Malice as an Ingredient of Tort Liability

Murphy, John Roger (2019) Malice as an Ingredient of Tort Liability. The Cambridge Law Journal, 78 (2). pp. 355-382. ISSN 0008-1973

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This article is concerned with the question of whether malice is an appropriate touchstone of liability in tort law. It begins by identifying four torts in which malice may properly be regarded as an ingredient of liability (distinguishing various other torts, such as private nuisance and defamation, in which malice plays a merely secondary and contingent role). Having identified these four torts – namely malicious prosecution, abuse of process, misfeasance in a public office and lawful means conspiracy – the article then seeks to identify a common juridical thread which links them together. So doing serves to rebut the allegation, often made in respect of all them, namely, that they are anomalous actions. It then concludes by considering the individual worth of these torts, bearing in mind the important difference between not being anomalous on the one hand, and being positively meritorious on the other. It concludes that a respectable defence of each of the four torts can be made even though malice is an atypical touchstone of liability.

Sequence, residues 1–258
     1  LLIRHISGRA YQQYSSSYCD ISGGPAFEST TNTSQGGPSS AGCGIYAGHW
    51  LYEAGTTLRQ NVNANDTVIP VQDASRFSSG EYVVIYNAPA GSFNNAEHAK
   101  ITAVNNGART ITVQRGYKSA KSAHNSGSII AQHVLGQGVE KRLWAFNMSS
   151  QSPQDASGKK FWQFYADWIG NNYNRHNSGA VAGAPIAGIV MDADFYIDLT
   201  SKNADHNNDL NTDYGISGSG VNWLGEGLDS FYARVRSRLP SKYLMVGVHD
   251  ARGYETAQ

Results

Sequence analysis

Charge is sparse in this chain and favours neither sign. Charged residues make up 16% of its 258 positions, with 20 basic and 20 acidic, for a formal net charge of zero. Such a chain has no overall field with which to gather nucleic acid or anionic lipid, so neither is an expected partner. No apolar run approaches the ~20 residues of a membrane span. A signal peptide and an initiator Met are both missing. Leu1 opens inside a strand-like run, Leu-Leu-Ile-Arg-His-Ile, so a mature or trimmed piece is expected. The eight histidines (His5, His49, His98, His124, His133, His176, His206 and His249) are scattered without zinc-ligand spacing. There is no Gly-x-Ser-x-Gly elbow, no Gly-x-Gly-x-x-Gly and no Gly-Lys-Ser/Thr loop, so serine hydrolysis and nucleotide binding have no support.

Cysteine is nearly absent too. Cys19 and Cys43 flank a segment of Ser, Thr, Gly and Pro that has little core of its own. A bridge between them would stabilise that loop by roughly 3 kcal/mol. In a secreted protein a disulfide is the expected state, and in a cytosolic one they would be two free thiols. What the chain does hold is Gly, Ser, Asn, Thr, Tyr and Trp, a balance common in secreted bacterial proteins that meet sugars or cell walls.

Item Type:
Journal Article
Journal or Publication Title:
The Cambridge Law Journal
Additional Information:
The final, definitive version of this article has been published in the Journal, The Cambridge Law Journal, 78 (2), pp355-382 2019, © 2019 Cambridge University Press
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Deposited On:
15 Mar 2019 14:00
Last Modified:
17 Sep 2023 02:31